After working as part of the leadership team at the renowned UX design consultancy Bunnyfoot for 15 years, Rebecca ‘Becs’ Gill is now working as a freelance UX Consultant and Design Educator. And, she’s put up her precious time and expertise as volunteer work to help us find a cure for brain tumours as fast as we can.
Sadly, she has personal experience of this terrible disease, having lost her sister Heather to a brain tumour. But that motivation to help others living with brain tumours is why we couldn’t think of anyone better than Becs to ask for support with our website redesign.
In an ongoing commitment to our community, The Brain Tumour Charity is currently in the midst of a full redesign of the website. Our aim is to ensure that it is fulfilling the needs and expectations of the people that use it. The brain tumour community is truly at the core of this project. We are leaning on the lived experiences and honest feedback of our audience in order to deliver the best possible results for them.
The brain tumour community consists of a wide variety of wonderful people who we have the privilege of interacting with. These are our service users, supporters, researchers, healthcare professionals, volunteers, and of course, anybody who has been affected by a diagnosis. This includes those who have lost loved ones to a brain tumour.
Becs and The Brain Tumour Charity
“I first encountered The Brain Tumour Charity when two members of the staff team came on a UX course I was delivering”, Becs told us. “By coincidence this wasn’t long after I lost my sister. She’d been living with a brain tumour for nearly 5 years. I guess this gave me particular insight into how important The Charity’s work is in supporting those with a diagnosis and their family and friends as well as funding research. I just wanted to help in any way I could with any skills or knowledge that might be useful to the team, to do something positive that my sister would be proud of.
“Heather was 48 when she was diagnosed with her brain tumour. She had been behaving in unexpected ways for a while, but everyone had been putting it down to stress until she was rushed into hospital and underwent surgery straight away for a brain tumour. Life changed for the whole family that day. So many questions to be answered, so much to learn and to adjust to over the next 4 years. As her sister I wanted to know everything I could about her diagnosis, what to expect, how to support her. But these are questions you can’t necessarily easily talk about with your family member who has the diagnosis. Access to trustworthy detailed information is so important.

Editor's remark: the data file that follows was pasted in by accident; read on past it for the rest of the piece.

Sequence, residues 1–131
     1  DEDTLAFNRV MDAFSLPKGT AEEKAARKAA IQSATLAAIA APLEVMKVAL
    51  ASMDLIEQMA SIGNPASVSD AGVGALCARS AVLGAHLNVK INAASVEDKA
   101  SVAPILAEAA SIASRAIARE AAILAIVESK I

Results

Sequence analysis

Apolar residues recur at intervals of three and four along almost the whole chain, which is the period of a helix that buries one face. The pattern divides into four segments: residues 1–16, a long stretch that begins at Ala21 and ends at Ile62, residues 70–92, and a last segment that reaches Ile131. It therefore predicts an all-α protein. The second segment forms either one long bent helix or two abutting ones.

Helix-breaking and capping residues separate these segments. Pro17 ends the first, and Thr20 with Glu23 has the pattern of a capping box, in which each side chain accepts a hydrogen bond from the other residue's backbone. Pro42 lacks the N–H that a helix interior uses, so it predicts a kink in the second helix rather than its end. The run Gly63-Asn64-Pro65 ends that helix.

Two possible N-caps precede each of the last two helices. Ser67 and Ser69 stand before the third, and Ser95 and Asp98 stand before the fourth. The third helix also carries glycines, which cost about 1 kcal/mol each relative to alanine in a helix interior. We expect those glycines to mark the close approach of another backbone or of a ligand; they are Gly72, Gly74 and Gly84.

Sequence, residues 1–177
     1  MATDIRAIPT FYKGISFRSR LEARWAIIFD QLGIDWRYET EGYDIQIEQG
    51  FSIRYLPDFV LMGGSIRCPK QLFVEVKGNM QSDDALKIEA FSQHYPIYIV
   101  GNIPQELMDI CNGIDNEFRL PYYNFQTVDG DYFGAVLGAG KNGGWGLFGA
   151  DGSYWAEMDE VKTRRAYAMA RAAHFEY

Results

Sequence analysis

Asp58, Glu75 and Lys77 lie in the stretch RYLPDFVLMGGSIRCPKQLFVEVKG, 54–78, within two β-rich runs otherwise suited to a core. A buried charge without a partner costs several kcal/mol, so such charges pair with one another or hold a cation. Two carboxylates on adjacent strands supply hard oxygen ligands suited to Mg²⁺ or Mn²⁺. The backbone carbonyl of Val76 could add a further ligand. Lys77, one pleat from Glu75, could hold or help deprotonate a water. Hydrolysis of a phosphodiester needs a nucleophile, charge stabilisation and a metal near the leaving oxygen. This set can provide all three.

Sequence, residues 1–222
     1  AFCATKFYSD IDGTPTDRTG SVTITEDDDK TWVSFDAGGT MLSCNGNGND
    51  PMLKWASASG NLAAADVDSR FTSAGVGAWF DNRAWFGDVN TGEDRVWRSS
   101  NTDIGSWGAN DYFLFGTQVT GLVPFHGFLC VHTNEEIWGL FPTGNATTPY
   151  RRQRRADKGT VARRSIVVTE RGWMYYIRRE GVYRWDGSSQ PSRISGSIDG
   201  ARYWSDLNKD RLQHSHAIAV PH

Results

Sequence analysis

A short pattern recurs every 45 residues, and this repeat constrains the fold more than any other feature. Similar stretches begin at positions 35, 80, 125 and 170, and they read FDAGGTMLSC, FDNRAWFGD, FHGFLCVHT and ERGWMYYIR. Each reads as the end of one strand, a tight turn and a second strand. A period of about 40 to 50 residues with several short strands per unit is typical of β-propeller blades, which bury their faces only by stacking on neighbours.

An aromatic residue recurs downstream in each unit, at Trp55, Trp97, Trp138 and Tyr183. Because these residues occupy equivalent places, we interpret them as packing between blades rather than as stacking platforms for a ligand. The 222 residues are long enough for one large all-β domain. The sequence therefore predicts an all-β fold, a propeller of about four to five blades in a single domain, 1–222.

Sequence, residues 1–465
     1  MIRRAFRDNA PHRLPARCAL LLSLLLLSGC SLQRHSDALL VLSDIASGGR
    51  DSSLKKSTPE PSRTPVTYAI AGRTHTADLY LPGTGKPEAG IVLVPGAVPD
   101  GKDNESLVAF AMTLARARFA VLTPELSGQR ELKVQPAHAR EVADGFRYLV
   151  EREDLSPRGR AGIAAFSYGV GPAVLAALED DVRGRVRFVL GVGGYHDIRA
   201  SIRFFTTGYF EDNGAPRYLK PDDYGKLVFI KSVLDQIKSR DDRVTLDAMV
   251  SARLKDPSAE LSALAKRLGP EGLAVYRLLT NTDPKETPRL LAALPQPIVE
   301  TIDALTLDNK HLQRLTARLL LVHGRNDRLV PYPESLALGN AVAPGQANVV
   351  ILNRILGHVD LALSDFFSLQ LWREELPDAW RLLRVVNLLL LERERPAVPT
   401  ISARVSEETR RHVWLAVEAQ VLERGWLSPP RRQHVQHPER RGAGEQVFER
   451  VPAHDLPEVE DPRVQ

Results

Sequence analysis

Becs’ volunteering work
“I was so pleased when The Brain Tumour Charity’s Digital Team later approached me asking if I could spare some time to help out – of course I could! It’s such a pleasure to be able to use my UX and research experience to support Tom and Shabs, whether as a sounding board, or helping them define or refine their research approaches to build that deeper understanding of their audiences and improve their experiences at what is such a challenging time.
My sister Heather worked with Alzheimer’s sufferers and their carers for much of her career – helping people to access crucial support. She was one of the most caring people you could possibly meet, and her energy for this never stopped – raising money for the day hospice she attended and supporting others with a brain tumour diagnosis. I don’t think she ever really understood what on Earth I did for a living, but she’d be chuffed to bits that I’ve got the opportunity to do something that should ultimately help people access the support they need”.
Tom Kay, Website Manager for The Brain Tumour Charity, said:
“Becs is a really experienced consultant in her field and has provided us with support and reassurance in our work and approach. She’s also great at directly giving feedback and contributing on tasks.
There is no way we would have been able to achieve what we have within the team without Becs’ support. We could not dream of having the budget to afford bringing in a consultant with her expertise. And without it I think we would have been on the back foot from the start, questioning our approach, being tentative and using much slower and likely less effective methodologies.
Becs is a pleasure to work with and everyone in The Charity who has spoken with her would agree. Her passion and dedication to help The Charity is clear and I hope we are lucky enough to continue to be able to work with Becs in future.”
Shabnam Makee, BRIAN app Product Manager, said:
“Becs has provided me with support and expertise in the UX field, taking the time to talk through User Research plans and has participated in a workshop to deliver those results internally. From a personal perspective, Becs has been a fantastic sounding board for ideas and planning next steps within the product discovery phase and has provided invaluable mentorship, encouraging confidence and stretching my thinking to be bolder in project plans.”
The whole team at The Brain Tumour Charity are grateful to Becs for her volunteering work. It supports our work to improve life today for people affected by brain tumours. And we are excited to see the results of the website redesign and BRIAN projects!
Becs now works as a freelance UX Consultant and Design Educator and can be found here on LinkedIn.
Do you have time to volunteer?
If you have some time and you’d like to contribute to our cause, we’d love to make that happen. It doesn’t have to be anything technical. Any and all volunteering work is more than welcome.
Check out our site to see how you can get involved in helping The Brain Tumour Charity!